10 Tips to Keep From Getting Scammed Online

Sep 26, 2023

In 2023, the average Australian spends about 6 hours a day online. Thanks to the prevalence of the internet, there are more online scams today than ever before, and scammers have found more ways than ever to trick you into handing over your money and/or your identity.

Here are some tips to avoid getting scammed:

  1. Don’t click on suspicious links

A common scam today involves hacking into someone’s email, phone or social media account and spamming all their contacts. If you get a link that seems suspicious, even if it’s from someone you know, don’t click. If you’re not sure, try contacting the “sender” via another channel to find out what’s going on. 

  1. Don’t open emails from people you don’t know

Email scams may come in the form of someone you’ve never heard of blatantly asking you for money, or they may come in the form of something a bit subtler—someone offering you a job or a business proposal, for example. If you don’t know the sender, the safest thing to do is just delete the email unopened. (If you’re unsure, you can try contacting the sender via another channel.) Whatever you do, don’t click on any links.

  1. Watch out for unexpected emails that seem to be from legitimate sites

Many scammers will send emails from an account that’s almost identical to that of a legitimate business, such as a bank, phone company or online marketplace. Look carefully at email addresses and ask yourself if this company would really be sending you a message like this. For example, if you get an email from a bank you don’t use, or a message about a transaction you didn’t make, you can usually assume it’s spam. Again, don’t click any links unless you’re sure the email is legit.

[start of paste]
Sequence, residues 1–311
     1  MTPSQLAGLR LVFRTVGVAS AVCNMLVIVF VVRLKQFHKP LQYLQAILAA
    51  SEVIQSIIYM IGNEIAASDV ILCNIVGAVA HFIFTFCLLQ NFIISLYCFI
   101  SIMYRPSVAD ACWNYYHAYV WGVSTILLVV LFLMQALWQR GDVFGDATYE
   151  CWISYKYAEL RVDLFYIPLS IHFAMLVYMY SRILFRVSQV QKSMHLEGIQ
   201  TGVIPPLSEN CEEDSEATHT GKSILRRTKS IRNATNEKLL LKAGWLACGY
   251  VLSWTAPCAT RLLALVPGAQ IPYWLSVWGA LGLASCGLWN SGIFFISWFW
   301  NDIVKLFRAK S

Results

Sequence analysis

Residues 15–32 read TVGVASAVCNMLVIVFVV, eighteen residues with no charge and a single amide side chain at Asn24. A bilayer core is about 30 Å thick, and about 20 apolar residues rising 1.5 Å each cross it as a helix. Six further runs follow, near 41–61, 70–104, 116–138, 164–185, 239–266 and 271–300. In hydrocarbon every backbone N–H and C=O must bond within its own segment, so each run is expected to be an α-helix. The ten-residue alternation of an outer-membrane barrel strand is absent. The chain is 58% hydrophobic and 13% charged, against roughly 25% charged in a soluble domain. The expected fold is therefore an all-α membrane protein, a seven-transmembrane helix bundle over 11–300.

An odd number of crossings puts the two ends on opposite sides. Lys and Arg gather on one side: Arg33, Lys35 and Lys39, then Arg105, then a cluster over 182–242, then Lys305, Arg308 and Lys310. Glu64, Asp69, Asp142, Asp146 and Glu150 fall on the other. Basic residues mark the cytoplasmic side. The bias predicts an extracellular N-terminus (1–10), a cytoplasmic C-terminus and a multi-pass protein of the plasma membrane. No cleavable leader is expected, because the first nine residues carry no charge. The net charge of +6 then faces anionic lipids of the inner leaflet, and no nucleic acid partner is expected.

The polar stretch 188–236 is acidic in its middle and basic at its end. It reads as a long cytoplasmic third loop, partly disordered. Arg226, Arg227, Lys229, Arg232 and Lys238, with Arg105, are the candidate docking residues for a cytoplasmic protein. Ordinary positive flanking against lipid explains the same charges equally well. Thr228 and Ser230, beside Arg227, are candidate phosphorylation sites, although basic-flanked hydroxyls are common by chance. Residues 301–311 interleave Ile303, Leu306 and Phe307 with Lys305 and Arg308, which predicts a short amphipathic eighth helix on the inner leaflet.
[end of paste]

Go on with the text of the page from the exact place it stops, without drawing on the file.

1. Don’t give out your personal information

There are some places where it’s OK to give out personal information. For example, you may need to provide this information when setting up a bank account or applying for a credit card. But before giving out this information, make sure you’re giving it is a trusted source who won’t misuse it.

  1. Beef up your passwords

Make your password long, not easy to guess, and full of things like capital and lowercase letters, numbers and symbols. Don’t use the same password for everything, and change your passwords from time to time, especially after you get news of a data breach or hack on a website you use. 

  1. Use multi-factor authentication (MFA)

For your most sensitive accounts, you may want to use MFA, which means you log in using both a password and another means, such as a fingerprint, text message or authenticator app.

  1. Get cybersecurity software

You don’t have to pay big dollars for cybersecurity software. Often, you can get antivirus, firewall and email filter services for a reasonable subscription fee, or even for free—but before downloading anything, do your research and read reviews to make sure you’re getting a legitimate, trustworthy service. 

  1. Keep your software and operating systems updated

Old, out-of-date operating systems are often targeted by hackers, so keep your software and systems up to date on all your electronics, both computers and mobile devices.

  1. Block unknown callers and senders

If you get a lot of calls, emails or text messages from scammers, you may want to take steps to block unwanted calls and text messages. You can also change your spam controls to get fewer spam emails.

  1. Be smart

Some scams are tricky to spot, but a lot of the time, you can avoid them simply by using your common sense. Don’t open things that seem suspicious, and don’t fall for offers that seem too good to be true.

Scams can be scary, but with a little common sense and a few best practices, you can keep your personal information where it belongs—safe and sound in your secure accounts.


All of the material published on this web site is for information purposes only and does not constitute advice. This information is of a general nature only and has been provided without taking account of your objectives, financial situation or needs. Because of this, we recommend you consider, with or without the assistance of a Financial Adviser, whether the information is appropriate in light of your particular needs and circumstances

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